IndusInd Bank Q3 profit jumps 50%, admits to lapses in MFI lending

resr 5paisa Research Team 15th December 2022 - 06:08 am
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IndusInd Bank Ltd saw a near 50% jump in net profit led by increase in fee income and aided by credit growth as well as signs of asset quality improvement.

The Mumbai-based bank, owned by the Hinduja Group, reported a consolidated net profit of Rs 1,241.55 crore for the three months ended December 2021 compared with Rs 830.41 crore.

Its consolidated net profit stood at Rs 1,146.73 crore for the quarter ended September 2021.

The bank’s net interest income (NII) stood at Rs 3,793.57 crore, up 11.37% from the corresponding period last year after it increased loans to small and mid-sized corporates, but slowed disbursements to the microfinance sector amid whistleblower complaints.

NII, the difference between interest earned and interest paid, was at Rs 3,406.1 crore at the end of December 2020 and Rs 3,658.40 at the end of September 2021.

Asset quality showed signs of improvements with the bad loan ratios contracting by 9-29 basis points from the preceding quarter.

Other Key Highlights

1) Q3 net interest margin improved to 4.10% versus 4.07% in the second quarter and 4.12% a year earlier.

2) Core fee income grew by 9% to Rs 1,519 crore.

3) Deposits grew 9% year on year to Rs 2.84 lakh crore; savings deposits grew by 35% to Rs 86,615 crore.

4) Other income grew by 14% to Rs 1,877 crore from Rs 1,646 crore a year earlier.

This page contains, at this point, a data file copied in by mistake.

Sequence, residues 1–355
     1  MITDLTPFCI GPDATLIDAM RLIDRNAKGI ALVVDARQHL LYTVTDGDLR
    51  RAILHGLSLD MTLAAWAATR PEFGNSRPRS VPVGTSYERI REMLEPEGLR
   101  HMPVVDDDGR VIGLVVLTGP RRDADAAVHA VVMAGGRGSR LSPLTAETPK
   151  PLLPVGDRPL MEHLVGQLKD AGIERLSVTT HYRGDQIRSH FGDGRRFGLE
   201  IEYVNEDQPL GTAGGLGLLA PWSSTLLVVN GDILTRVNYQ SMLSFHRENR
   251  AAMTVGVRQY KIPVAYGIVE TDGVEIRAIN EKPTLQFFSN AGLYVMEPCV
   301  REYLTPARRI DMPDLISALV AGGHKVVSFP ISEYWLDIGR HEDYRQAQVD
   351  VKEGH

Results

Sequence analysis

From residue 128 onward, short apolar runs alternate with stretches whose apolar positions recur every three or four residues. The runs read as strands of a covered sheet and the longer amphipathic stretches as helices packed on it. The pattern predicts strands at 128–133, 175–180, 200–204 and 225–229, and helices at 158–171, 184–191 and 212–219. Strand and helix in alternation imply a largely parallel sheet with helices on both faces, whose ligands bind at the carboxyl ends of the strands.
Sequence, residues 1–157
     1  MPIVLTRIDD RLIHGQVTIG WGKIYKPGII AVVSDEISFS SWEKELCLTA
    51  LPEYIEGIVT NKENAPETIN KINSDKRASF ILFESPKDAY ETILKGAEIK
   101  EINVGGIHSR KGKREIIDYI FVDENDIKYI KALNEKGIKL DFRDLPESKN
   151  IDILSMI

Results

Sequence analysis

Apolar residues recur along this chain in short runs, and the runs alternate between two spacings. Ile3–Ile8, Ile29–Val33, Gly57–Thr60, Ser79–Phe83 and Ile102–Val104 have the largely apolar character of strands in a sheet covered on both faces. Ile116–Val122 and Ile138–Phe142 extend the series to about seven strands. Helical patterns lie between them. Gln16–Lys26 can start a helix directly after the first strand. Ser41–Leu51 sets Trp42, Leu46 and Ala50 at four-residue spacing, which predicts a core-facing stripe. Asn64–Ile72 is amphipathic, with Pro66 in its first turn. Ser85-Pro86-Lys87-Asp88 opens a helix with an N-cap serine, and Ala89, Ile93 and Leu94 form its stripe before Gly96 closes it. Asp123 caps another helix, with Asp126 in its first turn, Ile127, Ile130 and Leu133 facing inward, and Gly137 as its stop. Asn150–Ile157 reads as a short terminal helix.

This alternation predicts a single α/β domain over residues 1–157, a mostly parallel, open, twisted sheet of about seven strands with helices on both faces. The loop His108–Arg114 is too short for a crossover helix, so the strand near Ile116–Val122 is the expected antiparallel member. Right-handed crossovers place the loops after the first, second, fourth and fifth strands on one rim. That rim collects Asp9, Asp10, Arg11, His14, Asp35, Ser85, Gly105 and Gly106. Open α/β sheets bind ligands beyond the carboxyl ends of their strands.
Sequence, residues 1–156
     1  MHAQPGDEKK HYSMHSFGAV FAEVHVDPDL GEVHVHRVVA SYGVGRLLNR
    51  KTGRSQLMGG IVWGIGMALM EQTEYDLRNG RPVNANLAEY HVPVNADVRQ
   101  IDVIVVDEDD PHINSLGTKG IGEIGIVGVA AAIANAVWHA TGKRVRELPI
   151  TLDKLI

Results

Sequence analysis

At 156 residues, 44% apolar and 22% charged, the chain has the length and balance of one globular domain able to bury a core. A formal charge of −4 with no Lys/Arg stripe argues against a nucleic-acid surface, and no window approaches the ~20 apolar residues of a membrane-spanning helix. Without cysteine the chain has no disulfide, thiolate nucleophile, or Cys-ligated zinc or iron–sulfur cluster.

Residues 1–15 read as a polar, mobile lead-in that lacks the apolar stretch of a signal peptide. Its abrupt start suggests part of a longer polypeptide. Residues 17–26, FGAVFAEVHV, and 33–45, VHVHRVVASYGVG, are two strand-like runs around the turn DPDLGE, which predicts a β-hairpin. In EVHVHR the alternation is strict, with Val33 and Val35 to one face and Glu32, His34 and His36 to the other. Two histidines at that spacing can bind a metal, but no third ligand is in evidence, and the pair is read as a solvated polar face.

5) Overall provisions came at Rs 1,654 crore as against Rs 1,853 crore in the year-ago period.

6) Gross NPA stood at 2.48%, while net NPA was at 0.71%.

Management Commentary

“The country saw a resurgence of the Covid wave during Q3. The economic impact however has not been as severe due to effective policy responses…Our loan book grew by 10% y-o-y driven by healthy growth in most of the customer segments,” said IndusInd bank’s managing director and chief executive officer, Sumant Kathpalia.

“While the Covid remains a risk to watch out for, the implications of the recent wave on our businesses have been limited. We are thus committed to executing our strategy quarter on quarter,” he said.

Kathpalia admitted to procedural lapses in its microlending vertical earlier during the fiscal (as revealed by an internal investigation into a whistleblower complaint on November 6), but assured it will not lead to any financial hit. He said the bank had finished an internal review even as the findings of an external review are yet to be completed.

“The internal report has informed us that there was one MFI product, which offered liquidity support to customers impacted by COVID second wave after clearing existing dues. However, it was observed that cash disbursement and repayment of arrears took place on the same day, which is a procedural lapse in our opinion. The product was discontinued in September," Kathpalia said.

Loans worth Rs 179 crore were outstanding under the product, and all of them have been written off after being provided fully, and that the overall credit cost on the MFI portfolio – which accounts for 12% of the bank's overall advances – will not exceed 8%, said Kathpalia.

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